New Resource To Facilitate International Sales – Even For Small Companies!

I talk to business executives weekly that have an opportunity to sell a product or service overseas. The executives are divided into one of two camps.  Either they fall for some “too good to be true” proposition (in Nigeria or Mexico), or they have no idea how to determine if the opportunity is real or is a waste of time and money.  Global expansion is possible for every company of any size.  There are many resources available to help and businesses owners should not let fear stand in the way of increasing profits through international business opportunities.  Since 2009, U.S. exports to the western hemisphere have jumped an amazing 49%.  Everyone can do it.  I find that many business owners are afraid because they don’t know where to begin.

One new government resource is the new Small Business Network of the Americas or SBNA.  The White House announced this new initiative on April 13. See the White House fact sheet here. The SBNA’s prerogative is to promote job growth and encourage trade throughout the western hemisphere through small and medium-sized enterprises (SME).  The SBNA plans to “expand the pool of available resources for business development, enhance access to business counseling services for entrepreneurs, and foster SME growth by providing a framework to connect businesses across the hemisphere.”  This plan includes:

  1. Expanding and connecting the already existing Small Business Development Center (SBDC) model — which partners the government with universities to provide free education and low cost training to small businesses — to other countries in the western hemisphere. The Small Business Administration administers the SBDC program which includes services like individualized long-term business counseling and market research. Currently there are almost 1,000 SBDCs in the U.S., 104 offices in Mexico and 10 offices in El Salvador.  (Don’t ask me why we started here first.)  For more information, look over the U.S. Small Business Administration SBDC page located here.
  2. Using U.S. Export Assistance Centers (USEACs) in our overseas Embassies to provide international business partner matchmaking and referrals to SBDC clients.  While these services are already offered at a cost to larger businesses, hopefully the initiative will provide assistance to SME for free or at a reduced cost through their local SBDC.
  3. Expanding websites and online tools like that provide SME support.  For example, provides information on international buyers and sellers and provides opportunities to promote products.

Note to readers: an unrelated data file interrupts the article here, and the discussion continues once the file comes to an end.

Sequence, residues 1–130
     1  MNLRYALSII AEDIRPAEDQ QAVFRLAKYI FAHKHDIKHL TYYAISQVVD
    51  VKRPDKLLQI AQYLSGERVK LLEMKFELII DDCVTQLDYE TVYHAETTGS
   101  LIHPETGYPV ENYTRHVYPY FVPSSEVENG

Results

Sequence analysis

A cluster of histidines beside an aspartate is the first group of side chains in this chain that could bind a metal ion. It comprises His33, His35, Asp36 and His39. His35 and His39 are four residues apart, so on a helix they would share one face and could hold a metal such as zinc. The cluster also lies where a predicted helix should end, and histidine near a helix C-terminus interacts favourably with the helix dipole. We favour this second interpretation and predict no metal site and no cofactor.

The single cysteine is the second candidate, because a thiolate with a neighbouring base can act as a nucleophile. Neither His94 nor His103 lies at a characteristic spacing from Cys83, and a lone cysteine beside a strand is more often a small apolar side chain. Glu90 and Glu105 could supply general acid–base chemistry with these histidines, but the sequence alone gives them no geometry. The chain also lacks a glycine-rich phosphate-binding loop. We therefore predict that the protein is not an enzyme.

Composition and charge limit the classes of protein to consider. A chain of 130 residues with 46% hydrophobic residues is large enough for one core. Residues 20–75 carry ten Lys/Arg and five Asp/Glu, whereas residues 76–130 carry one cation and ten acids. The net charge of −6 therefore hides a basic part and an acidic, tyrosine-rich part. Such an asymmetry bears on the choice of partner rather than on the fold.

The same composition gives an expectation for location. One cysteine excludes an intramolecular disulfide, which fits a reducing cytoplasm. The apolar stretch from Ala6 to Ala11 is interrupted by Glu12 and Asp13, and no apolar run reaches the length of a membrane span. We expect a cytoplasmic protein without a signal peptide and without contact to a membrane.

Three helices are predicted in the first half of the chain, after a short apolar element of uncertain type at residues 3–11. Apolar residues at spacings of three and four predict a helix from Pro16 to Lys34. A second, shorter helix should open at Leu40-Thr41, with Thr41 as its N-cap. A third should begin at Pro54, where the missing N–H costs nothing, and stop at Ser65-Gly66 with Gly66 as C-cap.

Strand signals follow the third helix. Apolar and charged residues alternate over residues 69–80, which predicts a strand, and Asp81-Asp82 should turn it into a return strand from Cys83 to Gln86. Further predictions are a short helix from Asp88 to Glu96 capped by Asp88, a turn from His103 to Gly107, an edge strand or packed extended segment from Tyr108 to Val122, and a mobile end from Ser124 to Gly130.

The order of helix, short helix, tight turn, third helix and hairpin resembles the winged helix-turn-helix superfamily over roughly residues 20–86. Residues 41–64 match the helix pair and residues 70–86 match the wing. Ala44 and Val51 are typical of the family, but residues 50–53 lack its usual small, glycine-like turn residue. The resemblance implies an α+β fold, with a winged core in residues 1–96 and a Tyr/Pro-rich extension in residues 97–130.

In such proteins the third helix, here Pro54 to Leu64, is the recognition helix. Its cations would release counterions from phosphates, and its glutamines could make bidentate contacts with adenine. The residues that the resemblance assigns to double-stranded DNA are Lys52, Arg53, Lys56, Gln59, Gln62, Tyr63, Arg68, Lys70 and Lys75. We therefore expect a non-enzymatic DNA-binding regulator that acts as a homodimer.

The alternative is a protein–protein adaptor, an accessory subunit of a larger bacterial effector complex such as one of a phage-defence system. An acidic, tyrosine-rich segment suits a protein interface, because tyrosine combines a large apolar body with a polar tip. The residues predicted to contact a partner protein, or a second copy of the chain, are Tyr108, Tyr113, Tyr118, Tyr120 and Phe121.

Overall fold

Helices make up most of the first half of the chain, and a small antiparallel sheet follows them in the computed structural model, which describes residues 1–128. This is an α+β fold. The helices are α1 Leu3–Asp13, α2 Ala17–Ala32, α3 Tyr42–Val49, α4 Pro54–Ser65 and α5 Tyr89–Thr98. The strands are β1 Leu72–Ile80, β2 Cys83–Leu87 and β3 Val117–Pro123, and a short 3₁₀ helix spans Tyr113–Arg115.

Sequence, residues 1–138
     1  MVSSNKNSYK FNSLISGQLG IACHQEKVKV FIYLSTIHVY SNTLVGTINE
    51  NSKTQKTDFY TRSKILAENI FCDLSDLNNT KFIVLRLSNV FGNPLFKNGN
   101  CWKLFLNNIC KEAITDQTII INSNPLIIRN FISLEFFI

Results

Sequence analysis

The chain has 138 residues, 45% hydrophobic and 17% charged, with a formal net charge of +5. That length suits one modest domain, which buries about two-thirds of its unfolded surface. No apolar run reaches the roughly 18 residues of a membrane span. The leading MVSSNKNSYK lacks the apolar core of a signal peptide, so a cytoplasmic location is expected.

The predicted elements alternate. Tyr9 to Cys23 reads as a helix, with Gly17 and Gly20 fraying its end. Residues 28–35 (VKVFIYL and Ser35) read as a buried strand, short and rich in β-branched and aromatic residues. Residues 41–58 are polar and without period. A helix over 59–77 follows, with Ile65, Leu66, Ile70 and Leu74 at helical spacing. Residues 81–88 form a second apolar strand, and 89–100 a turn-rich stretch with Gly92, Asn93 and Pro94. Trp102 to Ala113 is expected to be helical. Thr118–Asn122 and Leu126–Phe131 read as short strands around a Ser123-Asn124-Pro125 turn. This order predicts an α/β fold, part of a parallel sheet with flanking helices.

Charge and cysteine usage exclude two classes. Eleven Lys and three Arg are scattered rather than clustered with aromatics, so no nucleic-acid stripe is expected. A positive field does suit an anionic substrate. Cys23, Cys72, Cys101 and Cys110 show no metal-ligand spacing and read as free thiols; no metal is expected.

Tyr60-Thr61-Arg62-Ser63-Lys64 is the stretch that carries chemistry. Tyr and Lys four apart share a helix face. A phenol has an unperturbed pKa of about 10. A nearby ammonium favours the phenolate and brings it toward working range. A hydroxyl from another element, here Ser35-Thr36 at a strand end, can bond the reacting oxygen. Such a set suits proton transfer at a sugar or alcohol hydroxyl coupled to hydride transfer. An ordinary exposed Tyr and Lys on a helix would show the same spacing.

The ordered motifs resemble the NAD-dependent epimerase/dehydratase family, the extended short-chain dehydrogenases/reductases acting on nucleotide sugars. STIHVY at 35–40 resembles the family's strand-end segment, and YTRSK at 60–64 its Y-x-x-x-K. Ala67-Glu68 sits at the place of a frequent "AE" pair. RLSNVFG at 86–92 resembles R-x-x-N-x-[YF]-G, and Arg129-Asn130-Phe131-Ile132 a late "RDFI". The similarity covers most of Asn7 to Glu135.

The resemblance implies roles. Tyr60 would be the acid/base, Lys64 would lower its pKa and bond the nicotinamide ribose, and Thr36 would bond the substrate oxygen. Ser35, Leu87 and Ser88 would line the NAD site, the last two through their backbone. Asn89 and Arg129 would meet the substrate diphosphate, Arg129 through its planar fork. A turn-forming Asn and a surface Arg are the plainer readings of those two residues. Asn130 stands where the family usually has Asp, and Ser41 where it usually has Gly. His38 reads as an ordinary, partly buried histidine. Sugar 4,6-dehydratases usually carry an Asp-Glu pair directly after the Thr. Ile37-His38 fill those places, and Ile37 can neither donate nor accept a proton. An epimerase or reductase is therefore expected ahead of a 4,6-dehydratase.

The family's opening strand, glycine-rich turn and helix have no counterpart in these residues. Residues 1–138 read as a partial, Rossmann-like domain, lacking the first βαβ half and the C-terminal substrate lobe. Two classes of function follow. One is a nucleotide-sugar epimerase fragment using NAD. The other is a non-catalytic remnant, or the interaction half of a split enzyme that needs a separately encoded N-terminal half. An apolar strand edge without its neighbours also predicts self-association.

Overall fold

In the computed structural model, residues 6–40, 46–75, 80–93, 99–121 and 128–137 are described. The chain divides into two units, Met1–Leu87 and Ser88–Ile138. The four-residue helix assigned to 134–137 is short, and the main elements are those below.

4. Increasing U.S. Government financial support with more working capital grants, Overseas Private Investment Corporation (OPIC) financing, loan guarantees, and private sector lending.  The specifics of these programs have not been announced yet, so the particular lenders and application processes are still unknown.  However, it is clear that some of these opportunities will be focused on and available solely for business development in the Americas.

Great words from our President, but what will really change?  How many new offices will be opened to assist exporters? What are the criteria for obtaining the loans and guarantees?  Unfortunately, I don’t know.  However, I can say there are ways to use government resources to explore international opportunities right now. We use the U.S. Commercial Service all the time to help small, mid-size, and even large U.S. businesses.  We get reports on foreign companies and names of potential companies that might make good business partners. We also coordinate due diligence efforts with U.S. consulates abroad.  Some of this is free, some of this costs several hundred dollars, but it is a good investment.  If you are going to export or set up a sales agent or distribution network, you must start by finding the right partner and performing due diligence.  Such due diligence protects you from a violation of U.S. law — the Foreign Corrupt Practices Act and export control laws come to mind — and will give you substantive information to determine if this company is a good fit for your growth strategy and is a knowledgeable partner in your industry.  This is step one for a global strategic plan.